The non-specific effects of vaccines and other childhood interventions

International Journal of Epidemiology
Volume 43 Issue 3 June 2014

The non-specific effects of vaccines and other childhood interventions: the contribution of INDEPTH Health and Demographic Surveillance Systems
Osman Sankoh1,2,3,*, Paul Welaga1,4, Cornelius Debpuur1,4, Charles Zandoh1,5, Stephney Gyaase1,5, Mary Atta Poma1,6, Martin Kavao Mutua1,7, SM Manzoor Ahmed Hanifi1,8, Cesario Martins1,9, Eric Nebie1,10, Moubassira Kagoné1,10, Jacques BO Emina1 and Peter Aaby1,9
Author Affiliations
1INDEPTH Network, Accra, Ghana, 2School of Public Health, University of the Witwatersrand, Johannesburg, South Africa, 3Faculty of Public Health, Hanoi Medical University, Hanoi, Viet Nam, 4Navrongo Health Research Centre, Ghana Health Service, Navrongo, Ghana, 5Kintampo Health Research Centre, Ghana Health Service, Kintampo, Ghana, 6Dodowa Health Research Centre, Ghana Health Service, Dodowa, Ghana, 7African Population and Health Research Centre, Nairobi, Kenya, 8Chakaria Community Health Project Community Health Division, ICDDRB, Mohakhali, Dhaka, Bangladesh, 9Bandim Health Project, Bandim, Guiné-Bissau and 10Centre de Recherche en Santé de Nouna (CRSN), Nouna, Burkina Faso
Accepted April 3, 2014.
Most childhood interventions (vaccines, micronutrients) in low-income countries are justified by their assumed effect on child survival. However, usually the interventions have only been studied with respect to their disease/deficiency-specific effects and not for their overall effects on morbidity and mortality. In many situations, the population-based effects have been very different from the anticipated effects; for example, the measles-preventive high-titre measles vaccine was associated with 2-fold increased female mortality; BCG reduces neonatal mortality although children do not die of tuberculosis in the neonatal period; vitamin A may be associated with increased or reduced child mortality in different situations; effects of interventions may differ for boys and girls. The reasons for these and other contrasts between expectations and observations are likely to be that the immune system learns more than specific prevention from an intervention; such training may enhance or reduce susceptibility to unrelated infections. INDEPTH member centres have been in an ideal position to document such additional non-specific effects of interventions because they follow the total population long term. It is proposed that more INDEPTH member centres extend their routine data collection platform to better measure the use and effects of childhood interventions. In a longer perspective, INDEPTH may come to play a stronger role in defining health research issues of relevance to low-income countries.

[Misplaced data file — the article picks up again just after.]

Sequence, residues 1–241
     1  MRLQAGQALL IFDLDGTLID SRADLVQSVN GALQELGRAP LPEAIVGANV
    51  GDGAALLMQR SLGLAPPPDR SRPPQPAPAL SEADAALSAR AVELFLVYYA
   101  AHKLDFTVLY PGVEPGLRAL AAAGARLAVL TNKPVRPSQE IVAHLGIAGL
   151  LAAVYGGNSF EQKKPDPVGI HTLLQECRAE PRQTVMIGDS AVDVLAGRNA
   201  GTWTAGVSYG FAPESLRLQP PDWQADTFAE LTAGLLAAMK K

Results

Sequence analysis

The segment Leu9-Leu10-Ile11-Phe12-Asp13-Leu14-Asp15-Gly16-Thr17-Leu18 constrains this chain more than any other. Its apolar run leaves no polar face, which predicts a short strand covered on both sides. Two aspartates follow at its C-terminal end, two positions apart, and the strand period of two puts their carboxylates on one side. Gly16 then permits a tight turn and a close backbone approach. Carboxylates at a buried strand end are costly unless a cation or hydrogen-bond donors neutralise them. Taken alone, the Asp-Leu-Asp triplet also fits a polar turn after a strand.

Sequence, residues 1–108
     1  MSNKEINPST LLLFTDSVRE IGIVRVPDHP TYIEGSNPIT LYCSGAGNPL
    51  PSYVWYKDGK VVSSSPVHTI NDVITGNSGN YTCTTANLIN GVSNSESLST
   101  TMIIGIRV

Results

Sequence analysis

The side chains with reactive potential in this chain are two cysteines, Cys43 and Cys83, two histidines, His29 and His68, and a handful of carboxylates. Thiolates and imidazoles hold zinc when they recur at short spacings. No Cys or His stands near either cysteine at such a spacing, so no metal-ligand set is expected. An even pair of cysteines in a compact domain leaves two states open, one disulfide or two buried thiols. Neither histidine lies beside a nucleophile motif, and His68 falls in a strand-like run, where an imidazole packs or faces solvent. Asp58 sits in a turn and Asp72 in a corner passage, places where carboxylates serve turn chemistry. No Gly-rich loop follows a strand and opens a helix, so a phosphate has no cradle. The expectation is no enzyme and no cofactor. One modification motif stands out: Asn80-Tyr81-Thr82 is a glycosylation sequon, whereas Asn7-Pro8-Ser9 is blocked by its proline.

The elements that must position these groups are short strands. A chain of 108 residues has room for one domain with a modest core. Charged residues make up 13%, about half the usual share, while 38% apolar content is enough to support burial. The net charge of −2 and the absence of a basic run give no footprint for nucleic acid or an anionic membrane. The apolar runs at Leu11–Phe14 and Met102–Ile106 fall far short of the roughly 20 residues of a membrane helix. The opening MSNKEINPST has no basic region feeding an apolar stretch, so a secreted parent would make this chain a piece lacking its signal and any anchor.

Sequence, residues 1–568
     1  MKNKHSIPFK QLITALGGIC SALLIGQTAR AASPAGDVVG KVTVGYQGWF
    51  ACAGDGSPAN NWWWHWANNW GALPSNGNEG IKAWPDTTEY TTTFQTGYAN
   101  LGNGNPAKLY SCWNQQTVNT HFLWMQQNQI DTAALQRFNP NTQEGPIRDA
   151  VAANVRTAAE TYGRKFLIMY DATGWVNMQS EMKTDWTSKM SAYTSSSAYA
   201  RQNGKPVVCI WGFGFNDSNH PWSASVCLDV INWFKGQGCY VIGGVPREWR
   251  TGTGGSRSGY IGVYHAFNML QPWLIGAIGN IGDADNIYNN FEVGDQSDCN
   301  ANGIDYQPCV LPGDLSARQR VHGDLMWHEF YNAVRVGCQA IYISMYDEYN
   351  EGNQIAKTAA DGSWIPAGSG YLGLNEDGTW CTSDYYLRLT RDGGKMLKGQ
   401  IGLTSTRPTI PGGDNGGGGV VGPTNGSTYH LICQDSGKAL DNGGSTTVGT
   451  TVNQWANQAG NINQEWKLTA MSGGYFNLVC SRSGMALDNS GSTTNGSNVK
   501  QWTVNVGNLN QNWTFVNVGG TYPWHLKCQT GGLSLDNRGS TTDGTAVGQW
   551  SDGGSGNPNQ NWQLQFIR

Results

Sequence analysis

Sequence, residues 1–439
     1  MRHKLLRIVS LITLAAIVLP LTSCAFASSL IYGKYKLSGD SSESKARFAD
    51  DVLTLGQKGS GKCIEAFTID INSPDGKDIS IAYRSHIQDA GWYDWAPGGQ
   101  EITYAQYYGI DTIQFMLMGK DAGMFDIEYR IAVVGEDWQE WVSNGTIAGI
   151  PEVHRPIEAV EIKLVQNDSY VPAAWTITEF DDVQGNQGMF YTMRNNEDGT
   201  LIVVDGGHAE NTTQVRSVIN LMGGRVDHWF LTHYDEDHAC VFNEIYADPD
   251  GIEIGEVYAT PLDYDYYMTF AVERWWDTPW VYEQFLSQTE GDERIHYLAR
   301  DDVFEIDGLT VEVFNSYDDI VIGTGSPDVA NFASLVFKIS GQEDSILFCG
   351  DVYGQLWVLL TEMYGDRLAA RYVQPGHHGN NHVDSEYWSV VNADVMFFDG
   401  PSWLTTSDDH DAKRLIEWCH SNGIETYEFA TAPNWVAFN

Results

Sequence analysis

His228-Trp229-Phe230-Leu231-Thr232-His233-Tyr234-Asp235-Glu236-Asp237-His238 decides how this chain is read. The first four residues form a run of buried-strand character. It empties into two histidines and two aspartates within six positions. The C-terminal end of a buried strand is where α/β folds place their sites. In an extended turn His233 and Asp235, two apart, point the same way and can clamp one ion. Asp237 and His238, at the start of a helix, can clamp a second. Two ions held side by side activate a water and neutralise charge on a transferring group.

Commentary: Potential implications of non-specific effects of childhood vaccines
Harshpal Singh Sachdev
Author Affiliations
Department of Pediatrics and Clinical Epidemiology, Sitaram Bhartia Institute of Science and Research, B-16 Qutab Institutional Area, New Delhi 110016, India.
The World Health Organization states that: ‘A vaccine is a biological preparation that improves immunity to a particular disease. A vaccine typically contains an agent that resembles a disease-causing microorganism, and is often made from weakened or killed forms of the microbe, its toxins or one of its surface proteins. The agent stimulates the body’s immune system to recognize the agent as foreign, destroy it, and ‘remember’ it, so that the immune system can more easily recognize and destroy any of these microorganisms that it later encounters’.1 This statement is in conformity with the usual scientific and lay perceptions that vaccines have only specific disease-protective effects. However, historically it has been suspected that Vaccinia2 and BCG vaccination3 confer protection against non-targeted infectious diseases. Emerging evidence suggests that vaccines can positively or negatively affect the resistance to other infectious diseases—the so-called non-specific effects of vaccines or non-specific immunomodulation by vaccines. The bulk of this evidence has been generated from Guinea-Bissau by researchers led by Peter Aaby. The current status of global evidence has been summarized by them in this issue of IJE4 and elsewhere.5 On this basis, they also suggest a new definition of vaccines: ‘A vaccine is a biological preparation that improves immunity to a particular disease and at the same …